Another summer movie season is upon us and that means more movie-based games. This summer has been a bit disappointing in terms of movies and the licensed games have been even worse. Star Wars: Revenge of the Sith and Madagascar have been awful and Batman Begins was also underwhelming. The Fantastic Four film was something I planned on avoiding like a plague, so I was surprised that the game turned out to be a beat ‘em up done right.
“Lets clobber the generic bad guys!”
Don’t even get me started on how much the movie is changing the Dr. Doom character, who happens to be one of the best Marvel Villains around. Ignoring the disappointing changes to the comics, the plot is actually handled fairly well. I can’t compare it to the movie since I haven’t seen it, but the whole thing is actually coherent. While the Episode III game jumped around incessantly and ignored the plot, The Fantastic Four progresses in a well-paced manner thanks to decent cutscenes and the inclusion of some classic villains.
What really matters in a game like this is the clobberin’. Not just any old clobberin’- the kind with four different characters that should each feel unique. Fortunately, Fantastic Four delivers in this area. The Thing has a huge amount of health and some powerful moves, but his lack of speed leaves something to be desired. The Human Torch is exactly the opposite, except he has the power of fire on his side. Mr. Fantastic is pretty much in the middle in terms of skills, though his stretch skills prove he’s no slouch in the damage department. Invisible Woman is rather weak, so her stealth kills and force fields help her hold her own with the boys. Even though my personal favorite is the Thing, each character is balanced so well that it’s never a bore controlling any specific superhero.
“I am woman, hear me roar!”
Although it’s possible to get by with simple button mashing, there are actually a reasonable amount of moves. There are three and four button combos, various special moves unique to each character and the standard assortment of basic attacks. Special moves and combos can also be upgrading by completing bonus objectives and finding items. It’s all far from revolutionary, but the many cool-looking moves keep things interesting.
Some of the levels are solely designed for one specific character, but there are moments where you can have all four heroes fighting at the same time. Simply hitting a directional button switches to any of them on the fly. This doesn’t just make for some exciting free-for-all brawls; it’s required during some of the boss battles. For example, the Invisible Woman will trap a boss’ hands with here force field, and then switching to the Thing will make inflicting massive damage no problem. This sense of teamwork is especially rewarding in the two-player cooperative mode (more on that in a moment).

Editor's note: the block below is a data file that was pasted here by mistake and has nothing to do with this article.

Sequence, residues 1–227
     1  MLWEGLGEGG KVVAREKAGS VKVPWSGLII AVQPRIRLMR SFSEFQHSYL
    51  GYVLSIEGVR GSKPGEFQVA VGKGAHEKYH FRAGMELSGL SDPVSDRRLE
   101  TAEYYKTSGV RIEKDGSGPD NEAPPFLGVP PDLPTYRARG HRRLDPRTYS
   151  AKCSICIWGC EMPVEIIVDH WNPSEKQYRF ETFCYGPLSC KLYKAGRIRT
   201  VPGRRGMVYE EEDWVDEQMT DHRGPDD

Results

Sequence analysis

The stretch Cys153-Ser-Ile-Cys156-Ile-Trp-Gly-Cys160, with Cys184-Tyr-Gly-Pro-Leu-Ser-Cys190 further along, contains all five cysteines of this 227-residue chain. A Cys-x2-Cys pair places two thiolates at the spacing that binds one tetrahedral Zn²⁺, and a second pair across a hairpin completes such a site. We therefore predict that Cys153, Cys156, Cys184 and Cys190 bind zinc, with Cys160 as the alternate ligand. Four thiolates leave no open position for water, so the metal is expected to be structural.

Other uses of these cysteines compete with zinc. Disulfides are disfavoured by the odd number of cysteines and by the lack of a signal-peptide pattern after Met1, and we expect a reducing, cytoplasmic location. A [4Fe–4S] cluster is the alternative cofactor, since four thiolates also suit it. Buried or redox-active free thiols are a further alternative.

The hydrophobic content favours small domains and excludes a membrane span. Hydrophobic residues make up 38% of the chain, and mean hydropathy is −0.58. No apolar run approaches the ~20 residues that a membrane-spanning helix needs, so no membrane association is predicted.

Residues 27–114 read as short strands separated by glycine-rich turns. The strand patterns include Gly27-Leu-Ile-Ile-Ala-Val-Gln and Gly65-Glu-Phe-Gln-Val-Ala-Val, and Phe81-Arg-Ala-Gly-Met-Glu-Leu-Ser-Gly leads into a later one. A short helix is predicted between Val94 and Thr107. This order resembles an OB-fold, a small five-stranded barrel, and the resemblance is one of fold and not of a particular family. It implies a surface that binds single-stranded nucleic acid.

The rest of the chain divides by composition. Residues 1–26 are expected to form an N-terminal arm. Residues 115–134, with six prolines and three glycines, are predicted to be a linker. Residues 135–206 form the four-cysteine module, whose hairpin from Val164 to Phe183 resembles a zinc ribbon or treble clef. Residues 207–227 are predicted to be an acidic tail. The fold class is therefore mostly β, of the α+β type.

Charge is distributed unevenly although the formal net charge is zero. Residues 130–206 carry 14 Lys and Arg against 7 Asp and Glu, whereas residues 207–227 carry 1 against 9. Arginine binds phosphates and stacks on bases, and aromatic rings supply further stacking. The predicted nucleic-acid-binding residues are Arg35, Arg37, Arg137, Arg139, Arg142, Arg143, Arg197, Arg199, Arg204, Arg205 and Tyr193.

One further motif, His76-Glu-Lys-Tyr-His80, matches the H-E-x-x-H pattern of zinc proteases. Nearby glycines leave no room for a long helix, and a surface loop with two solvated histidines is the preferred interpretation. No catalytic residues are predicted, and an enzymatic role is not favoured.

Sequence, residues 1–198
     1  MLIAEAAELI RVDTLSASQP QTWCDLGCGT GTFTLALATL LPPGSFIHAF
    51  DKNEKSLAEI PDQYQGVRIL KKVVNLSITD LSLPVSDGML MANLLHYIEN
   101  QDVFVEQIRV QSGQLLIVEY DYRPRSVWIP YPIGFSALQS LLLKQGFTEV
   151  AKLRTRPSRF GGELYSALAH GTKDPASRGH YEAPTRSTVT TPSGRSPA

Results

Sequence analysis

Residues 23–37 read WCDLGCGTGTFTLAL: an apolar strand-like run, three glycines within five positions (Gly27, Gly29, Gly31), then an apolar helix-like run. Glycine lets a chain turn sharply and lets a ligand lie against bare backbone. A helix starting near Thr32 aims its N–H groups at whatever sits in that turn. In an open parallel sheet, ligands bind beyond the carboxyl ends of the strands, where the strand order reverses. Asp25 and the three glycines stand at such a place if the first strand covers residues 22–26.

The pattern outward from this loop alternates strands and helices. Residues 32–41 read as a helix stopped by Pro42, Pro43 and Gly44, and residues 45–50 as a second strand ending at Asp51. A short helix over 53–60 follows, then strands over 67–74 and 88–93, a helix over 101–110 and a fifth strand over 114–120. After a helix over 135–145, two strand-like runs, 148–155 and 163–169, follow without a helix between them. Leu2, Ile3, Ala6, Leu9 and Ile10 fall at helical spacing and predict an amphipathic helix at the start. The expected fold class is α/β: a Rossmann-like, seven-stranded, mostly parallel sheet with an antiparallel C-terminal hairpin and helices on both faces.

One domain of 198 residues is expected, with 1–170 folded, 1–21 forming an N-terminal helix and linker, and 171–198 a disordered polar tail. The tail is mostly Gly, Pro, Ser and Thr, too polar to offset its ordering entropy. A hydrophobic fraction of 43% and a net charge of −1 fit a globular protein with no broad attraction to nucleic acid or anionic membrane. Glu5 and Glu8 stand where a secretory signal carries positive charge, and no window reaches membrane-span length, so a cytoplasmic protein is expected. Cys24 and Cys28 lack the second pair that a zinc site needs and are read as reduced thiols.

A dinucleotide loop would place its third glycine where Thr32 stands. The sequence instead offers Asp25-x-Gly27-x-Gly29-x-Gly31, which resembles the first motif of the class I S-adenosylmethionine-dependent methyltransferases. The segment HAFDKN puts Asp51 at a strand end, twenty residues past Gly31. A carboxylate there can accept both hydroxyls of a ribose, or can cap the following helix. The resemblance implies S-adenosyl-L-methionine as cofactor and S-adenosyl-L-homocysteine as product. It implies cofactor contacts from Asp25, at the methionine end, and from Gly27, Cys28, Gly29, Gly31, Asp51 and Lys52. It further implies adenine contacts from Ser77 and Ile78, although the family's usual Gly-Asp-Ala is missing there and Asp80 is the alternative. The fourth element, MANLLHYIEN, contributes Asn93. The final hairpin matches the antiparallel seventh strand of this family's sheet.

Throughout the whole game the level design is kept simple. There’s lots of fighting, some occasional civilians to protect and there’s even some very brief minigames unique to each character. Mr. Fantastic can hack terminals by completing a simple puzzle. For the Thing to destroy a huge object it takes hammering the X button as fast as possible within a five second time limit. The minigames are equally simple for the Invisible Woman and the Human Torch. These little segments do little to spice up the gameplay, but since levels rarely last longer than ten minutes, it’s hard to become bored.
Playing solo is entertaining for a while, but Fantastic Four shines in the two player co-op mode. Busting out special moves that require teamwork is a joy, as is double-teaming some thug. The amount teamwork and communication required is very welcome even though this is still a mindless beat ‘em up. Co-op can turn a bad game into an average one, or make a good game even better- the latter holds true with this game.
“Who ordered a cab?”
The only problem with the co-op mode are some camera issues. It’s very easy to become disoriented since the camera is constantly trying to show two different characters. One time the camera froze for thirty seconds with absolutely nothing on screen. Problems like this were far less prevalent while playing solo, but every now and then a poor camera angle would still pop up.
At least the graphics are decent enough, although it’s hit and miss. The Thing and the Human Torch look great, but many of the enemies look bland in comparison. The lush jungle stage looks particularly vibrant, especially in comparison to some of the duller stages. Most importantly, the frame rate is kept consistent even with many people fighting onscreen.
In the sound department, respect was shown to fans by having original actors reprise their movie roles. There’s nothing more obnoxious than listening to a second-rate copy of a known actor. The generic rock music also gets the job done, although it’s hard to pay attention when you’re beating up things.
“Whoa there big guy…”
The bane of most beat ‘em ups is their short length and Fantastic Four is no exception. Fortunately, the developers took some steps to add replay value. There are hidden items and bonus objectives that encourage replaying through the level. There are also a bunch of unlockables including interviews, comic book covers, and so on. Best of all is an Arena mode where you can hone your fighting skills. You can even go head-to-head with a friend to see who can kill the most enemies. It’s not a bad way to spend some time.
Considering all the recent movies turned into lackluster games, Fantastic Four stands out. It’s an old-fashioned beat ‘em up done right. The co-op play is excellent and even going solo can make for an entertaining time. Some might complain about the lack of variety and the short length, but those two things come standard with the genre. It most certainly is clobberin’ time.